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Star Trek: Insurrection

movie reviewmovie review out of 4


*Also starring: Jonathan Frakes, Marina Sirtis, Gates McFadden, LeVar Burton, Michael Dorn, F. Murray Abraham, Daniel Hugh Kelly, Donna Murphy



Review by Walter Frith
2½ stars out of 4

Anyone who knows the 'Star Trek' movie series knows that they are all characteristically different in style as well as substance. The even numbered ones, 2, 4, 6, and 8 are said to be better than the odd numbered films 1, 3, 5, and 7, but each film in its own different way has been mystical, action packed, compelling, funny, religious, intriguing, harmonic, and terrifying. Notice that there are 8 adjectives described here. One for each film in order since 'Star Trek: The Motion Picture' in 1979. Wow! Talk about a movie critic who doesn't ramble on! What better way to describe these films than in one word.

The adjective that best describes 'Star Trek: Insurrection' is "romantic". The film is a nice 180 degree turn from 'Star Trek: First Contact', the best of the three films so far that incorporates the cast from television's 'Star Trek: The Next Generation' (1987-1994).

Captain Picard (Patrick Stewart) and his crew help a race of people who are about to be sent into exile from their peaceful planet of prosperity by others of the same race who want to take revenge for being sent into exile years before. The plot is quite monstrous. Led by Ru'afo (F.Murray Abraham), the exodus will come without the citizens knowing it. You see, in the 24th century it is possible to create a hologram which is a fake image of something that seems real. The entire planet was to become a hologram and the unwitting citizens would be whisked off the planet living in this hologram without even knowing it is false. Riker (Jonathan Frakes), Data (Brent Spiner), LaForge (LeVar Burton), Crusher (Gates McFadden) Troi (Marina Sirtis), and Worf (Michael Dorn) tag along with Picard in heroic fashion to help save the people of the planet and fight against the Federation at the same time who make a disastrous decision early in the film.

The good thing about this movie is that all of the film's characters seem to be displayed in an even flow of presentation and none of them are given too much or too little screen time. I thoroughly enjoyed this film for taking the necessary steps and keeping in the tradition of being very different from the other eight 'Star Trek' films.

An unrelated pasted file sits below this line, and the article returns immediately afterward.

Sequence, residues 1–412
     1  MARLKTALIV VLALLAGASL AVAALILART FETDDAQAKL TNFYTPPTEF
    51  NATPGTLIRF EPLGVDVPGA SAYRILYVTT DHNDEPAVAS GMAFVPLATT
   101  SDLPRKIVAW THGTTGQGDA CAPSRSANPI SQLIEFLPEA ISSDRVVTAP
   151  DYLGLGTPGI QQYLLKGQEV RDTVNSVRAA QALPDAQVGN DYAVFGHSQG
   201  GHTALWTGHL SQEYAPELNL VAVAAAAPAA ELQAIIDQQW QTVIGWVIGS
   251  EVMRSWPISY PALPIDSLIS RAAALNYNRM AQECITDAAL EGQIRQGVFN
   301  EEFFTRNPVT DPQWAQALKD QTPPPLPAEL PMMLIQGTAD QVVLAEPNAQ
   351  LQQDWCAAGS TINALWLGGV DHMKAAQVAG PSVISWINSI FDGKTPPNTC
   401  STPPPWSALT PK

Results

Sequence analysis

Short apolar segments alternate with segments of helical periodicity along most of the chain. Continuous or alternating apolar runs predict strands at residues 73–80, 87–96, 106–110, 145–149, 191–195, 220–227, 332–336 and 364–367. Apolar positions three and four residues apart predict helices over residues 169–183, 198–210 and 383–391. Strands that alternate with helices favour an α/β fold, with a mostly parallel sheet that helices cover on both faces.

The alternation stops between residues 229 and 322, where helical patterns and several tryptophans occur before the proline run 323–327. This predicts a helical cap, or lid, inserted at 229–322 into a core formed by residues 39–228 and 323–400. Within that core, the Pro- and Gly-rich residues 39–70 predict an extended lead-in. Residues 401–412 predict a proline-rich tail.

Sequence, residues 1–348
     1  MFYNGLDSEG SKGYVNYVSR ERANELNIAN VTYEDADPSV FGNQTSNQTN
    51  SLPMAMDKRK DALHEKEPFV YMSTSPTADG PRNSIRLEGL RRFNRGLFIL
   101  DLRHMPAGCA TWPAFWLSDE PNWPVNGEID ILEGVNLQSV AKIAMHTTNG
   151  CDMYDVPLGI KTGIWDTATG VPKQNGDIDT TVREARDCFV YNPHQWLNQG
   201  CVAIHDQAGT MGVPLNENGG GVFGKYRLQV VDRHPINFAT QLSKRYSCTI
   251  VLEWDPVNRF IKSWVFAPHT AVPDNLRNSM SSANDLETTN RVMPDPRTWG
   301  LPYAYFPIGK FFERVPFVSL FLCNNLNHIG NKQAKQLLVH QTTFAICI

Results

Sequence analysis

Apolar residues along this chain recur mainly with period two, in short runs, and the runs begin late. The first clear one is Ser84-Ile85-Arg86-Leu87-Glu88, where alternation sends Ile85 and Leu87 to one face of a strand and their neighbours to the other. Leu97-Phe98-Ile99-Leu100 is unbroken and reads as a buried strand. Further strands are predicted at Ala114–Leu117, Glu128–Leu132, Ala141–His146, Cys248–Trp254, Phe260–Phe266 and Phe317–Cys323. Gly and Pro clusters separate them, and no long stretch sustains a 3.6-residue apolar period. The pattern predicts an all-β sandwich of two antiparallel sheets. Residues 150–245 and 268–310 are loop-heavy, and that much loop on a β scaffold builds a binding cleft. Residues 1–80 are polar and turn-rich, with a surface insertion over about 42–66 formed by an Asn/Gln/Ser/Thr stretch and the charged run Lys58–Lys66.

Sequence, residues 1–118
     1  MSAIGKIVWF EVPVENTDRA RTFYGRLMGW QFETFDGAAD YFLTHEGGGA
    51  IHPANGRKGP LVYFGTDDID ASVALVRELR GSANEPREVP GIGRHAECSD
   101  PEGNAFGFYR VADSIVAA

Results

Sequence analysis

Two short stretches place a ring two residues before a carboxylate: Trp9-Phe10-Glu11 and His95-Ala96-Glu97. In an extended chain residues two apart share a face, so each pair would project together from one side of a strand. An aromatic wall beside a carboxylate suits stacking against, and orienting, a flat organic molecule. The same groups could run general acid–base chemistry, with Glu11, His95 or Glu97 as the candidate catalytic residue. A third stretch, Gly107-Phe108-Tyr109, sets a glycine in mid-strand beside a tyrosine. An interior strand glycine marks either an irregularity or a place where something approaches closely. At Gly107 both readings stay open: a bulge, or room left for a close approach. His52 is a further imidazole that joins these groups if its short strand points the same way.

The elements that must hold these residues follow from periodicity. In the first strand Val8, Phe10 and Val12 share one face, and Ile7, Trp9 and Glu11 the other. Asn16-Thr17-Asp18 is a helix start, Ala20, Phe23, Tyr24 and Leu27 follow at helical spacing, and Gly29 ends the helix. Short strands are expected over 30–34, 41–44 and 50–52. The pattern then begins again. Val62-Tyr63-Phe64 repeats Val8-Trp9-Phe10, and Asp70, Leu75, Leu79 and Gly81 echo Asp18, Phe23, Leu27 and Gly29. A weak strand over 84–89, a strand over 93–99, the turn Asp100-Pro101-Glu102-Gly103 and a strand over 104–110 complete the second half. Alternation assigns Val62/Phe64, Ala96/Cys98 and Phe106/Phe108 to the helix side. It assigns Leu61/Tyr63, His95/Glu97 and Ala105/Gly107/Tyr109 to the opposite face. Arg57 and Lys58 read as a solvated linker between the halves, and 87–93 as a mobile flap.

Jonathan Frakes does a good job directing the picture while keeping the pace free flowing and the running time relatively short. Some of the dialogue is wooden and a few of the performances a bit lazy but overall I recommend this installment in the series simply for its ability to entertain, tell a good but nevertheless predictable story and establish its own identity. When you consider that so many films that get released are copies or variations of other films, it's really a surprise to see a NINTH installment in a film series come off looking so much different than its other chapters.

F. Murray Abraham (remember him). He won a Best Actor Oscar in 1984 for 'Amadeus' for playing Mozart's rival Antonio Salieri. His work as the villain in this film isn't exactly the way I wanted to see him make a comeback in film but he does his job well and creates probably the best 'Star Trek' villain since Christopher Plummer's portrayal of the evil General Chang in 'Star TrekVI: The Undiscovered Country' in 1991.

Take advantage of this film on the big screen if you value the 'Star Trek' series and while talk of this being the last 'Star Trek' film has made its way through the movie grape vine in recent days, its box office numbers suggest otherwise. It remains a profitable and successful franchise and the term 'Star Trek', when entered into any search engine on the Internet, probably brings up more matches than any other genre of its kind.

Copyright 2000 Walter Frith

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